Home Clinic: Is an en suite bathroom a complete waste of space?
Q We are a family of four, two adults and four-year-old twins, a boy and a girl. We are planning a total refurbishment of our new forever-home and are tight for space. Is it worth installing an en suite bathroom off the master bedroom? And is it a good idea to splash out on a downstairs shower room?
A: I recommend thinking about the bathing arrangements for your house in the context of both the house as a whole and of the life stages of your family. Your needs will change as your children grow. For example, a bath is a must for children of pre-school and primary school age, while a shower is more important for teenagers. At that stage, you will be well on the way to being a family of four adults.
Two showers are a bonus for a family of four, especially at peak times. Teens can use - and clean! - the shower in the family bathroom. Fit a separate shower and bath, if you can. But if you are short on space, choose a large shower tray, with the same footprint as the bath. It brings the added advantage of eliminating the need for a shower door - a fixed glass screen prevents the water at the showering end of the tray from splashing into the rest of the room. Most shower doors, especially ones that slide or fold, harbour grime and quickly develop mould if not cleaned thoroughly on a weekly basis. A fixed glass screen is so much easier to clean.
Install the second shower in an en suite off the master bedroom to give priority and privacy to the main adults in the house. Clever design, not size, is the key to a successful en suite or small shower room. The most space-efficient way to create an en suite is to carve out a long, narrow space, measuring, say 1m wide x 2.2m long. Place the door in the middle of the long wall with the shower and toilet either side, and a compact basin opposite.
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If you have more space, a better option is to create a long but wider room, measuring, say, 1.2m wide x 1.9m long, with the door at one end. This will accommodate a 120cm x 70cm shower tray along the wall opposite the door, with a compact toilet and modest basin side by side along the remainder of the long wall. You can even squeeze in a heated towel rail. These are minimum sizes. If space permits, larger rooms are a bonus and will allow different configurations.
Think about the en suite in the overall context of the master bedroom. It needs to work with the layout of the room and with the locations of the bed and of clothes storage. If possible, avoid having the door to your en suite opposite the foot of the bed. It is far nicer to wake to some nice art on the wall than to a door into an en suite.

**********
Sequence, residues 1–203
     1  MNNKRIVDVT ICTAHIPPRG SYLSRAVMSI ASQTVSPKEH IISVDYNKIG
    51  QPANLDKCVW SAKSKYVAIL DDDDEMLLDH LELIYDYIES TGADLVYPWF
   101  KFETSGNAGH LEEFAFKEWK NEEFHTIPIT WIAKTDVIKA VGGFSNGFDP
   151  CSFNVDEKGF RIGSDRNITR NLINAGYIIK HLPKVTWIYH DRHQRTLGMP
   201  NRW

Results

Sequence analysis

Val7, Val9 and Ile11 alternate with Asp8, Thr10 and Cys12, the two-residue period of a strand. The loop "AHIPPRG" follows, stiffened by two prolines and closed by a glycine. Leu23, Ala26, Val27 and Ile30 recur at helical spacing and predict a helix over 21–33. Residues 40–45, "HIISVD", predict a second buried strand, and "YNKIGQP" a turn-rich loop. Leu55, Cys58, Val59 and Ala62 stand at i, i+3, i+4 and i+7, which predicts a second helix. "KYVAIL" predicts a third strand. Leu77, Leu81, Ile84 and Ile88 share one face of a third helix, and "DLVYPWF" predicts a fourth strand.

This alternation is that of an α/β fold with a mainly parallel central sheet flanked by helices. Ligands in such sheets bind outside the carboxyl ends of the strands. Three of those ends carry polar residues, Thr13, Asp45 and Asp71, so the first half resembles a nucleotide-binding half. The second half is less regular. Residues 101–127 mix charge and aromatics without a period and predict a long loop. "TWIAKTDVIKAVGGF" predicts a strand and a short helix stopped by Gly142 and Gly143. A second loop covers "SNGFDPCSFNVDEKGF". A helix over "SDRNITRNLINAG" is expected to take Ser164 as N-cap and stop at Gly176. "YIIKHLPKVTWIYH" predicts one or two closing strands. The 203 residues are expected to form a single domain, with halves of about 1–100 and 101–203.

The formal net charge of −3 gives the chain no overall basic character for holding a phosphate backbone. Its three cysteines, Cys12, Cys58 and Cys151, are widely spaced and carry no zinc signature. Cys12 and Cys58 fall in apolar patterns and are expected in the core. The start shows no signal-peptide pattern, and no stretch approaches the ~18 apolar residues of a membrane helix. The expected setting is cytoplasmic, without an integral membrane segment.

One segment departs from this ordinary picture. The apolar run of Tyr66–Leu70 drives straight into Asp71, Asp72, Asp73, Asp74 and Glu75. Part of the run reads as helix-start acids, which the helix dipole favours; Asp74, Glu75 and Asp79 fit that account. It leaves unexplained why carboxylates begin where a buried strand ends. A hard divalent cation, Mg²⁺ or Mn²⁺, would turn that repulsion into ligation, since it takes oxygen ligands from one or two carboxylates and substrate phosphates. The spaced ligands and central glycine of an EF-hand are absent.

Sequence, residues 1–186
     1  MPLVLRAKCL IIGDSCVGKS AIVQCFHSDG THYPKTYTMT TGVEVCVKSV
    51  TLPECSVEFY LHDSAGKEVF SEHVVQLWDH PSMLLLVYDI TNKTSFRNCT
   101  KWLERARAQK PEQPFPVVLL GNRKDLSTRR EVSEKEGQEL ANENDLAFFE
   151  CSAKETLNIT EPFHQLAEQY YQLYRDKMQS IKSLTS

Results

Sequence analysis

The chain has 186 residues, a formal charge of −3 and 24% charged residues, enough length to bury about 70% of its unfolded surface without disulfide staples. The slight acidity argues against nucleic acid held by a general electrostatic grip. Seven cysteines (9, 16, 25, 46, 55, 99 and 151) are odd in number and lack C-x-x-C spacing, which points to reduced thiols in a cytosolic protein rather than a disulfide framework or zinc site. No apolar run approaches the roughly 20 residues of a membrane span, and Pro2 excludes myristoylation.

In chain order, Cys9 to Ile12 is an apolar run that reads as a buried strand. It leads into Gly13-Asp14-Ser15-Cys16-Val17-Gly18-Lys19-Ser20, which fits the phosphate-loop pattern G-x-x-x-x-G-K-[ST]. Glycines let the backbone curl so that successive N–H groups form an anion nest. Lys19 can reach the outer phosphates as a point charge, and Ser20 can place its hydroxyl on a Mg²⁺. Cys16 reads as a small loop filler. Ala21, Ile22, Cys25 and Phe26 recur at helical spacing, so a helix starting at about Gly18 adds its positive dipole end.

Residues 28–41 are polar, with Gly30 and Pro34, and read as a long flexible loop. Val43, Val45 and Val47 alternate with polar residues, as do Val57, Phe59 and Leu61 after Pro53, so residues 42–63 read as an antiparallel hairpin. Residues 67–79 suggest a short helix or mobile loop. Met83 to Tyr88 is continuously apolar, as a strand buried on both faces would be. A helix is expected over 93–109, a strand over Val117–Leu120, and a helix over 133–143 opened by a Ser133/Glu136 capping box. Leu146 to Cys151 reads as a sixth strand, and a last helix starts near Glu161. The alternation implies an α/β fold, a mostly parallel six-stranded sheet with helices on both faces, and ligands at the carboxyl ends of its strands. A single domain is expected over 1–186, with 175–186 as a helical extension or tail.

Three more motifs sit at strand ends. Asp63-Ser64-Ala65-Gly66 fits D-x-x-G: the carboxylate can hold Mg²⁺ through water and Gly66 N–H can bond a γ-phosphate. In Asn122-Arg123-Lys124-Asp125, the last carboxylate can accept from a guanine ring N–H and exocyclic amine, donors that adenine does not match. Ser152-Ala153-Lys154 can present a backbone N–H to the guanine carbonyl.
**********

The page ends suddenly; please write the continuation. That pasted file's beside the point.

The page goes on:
Compact spaces like these depend on simple finishes, including mirrors and a light colour palette, to create a sense of space. Add lots of hooks, under-sink storage and mirrored, wall-mounted cabinets for maximum convenience.
You can also maximise space by choosing modestly sized toilets and washbasins.
It is important to plan for the best possible ventilation in your shower room or en suite. An opening window as well as a mechanical fan is the best solution. Fans can be noisy and irritating but you can overcome this problem by fitting an inline fan. Here, the motor is located remotely from the room vent, for example, in the attic and it means that you only hear a low hum when the fan is operating. This is a great solution for ground floor toilets too.
A downstairs loo is extremely convenient, both for guests and in case of long-term disability. The best place to put it is off the hall, where possible. Ideally, a ground floor toilet will be disabled accessible. You will find full details of size requirements online in Technical Guidance Document Part M of the Building Regulations (housing.gov.ie).
A downstairs shower is less of a priority and is probably only worth the bother where you have lots of space.
On the other hand, if space doesn't permit an en suite off the master bedroom, a downstairs shower will come in useful, especially if you have sporty kids. If you can't fit a toilet on the ground floor, the traditional arrangement of separate toilet and bathroom on the first floor could prove useful when the house is crowded.
Expect to pay upwards of €3,000 for a complete bathroom makeover. The cost will be made up of the skip hire, the many trades involved as well as the fixtures, fittings and finishes. And of course, it depends on how spendy you want to be about your fixtures and finishes.
In general, I recommend two loos and two showers as optimal for a family of four. The layout of your house will determine how they are distributed. A registered architect can give you good advice about how to make best use of the space in your home.
Eva Byrne is an RIAI-registered architect and specialises in house consultations to maximise space, light and storage in your home; houseology.ie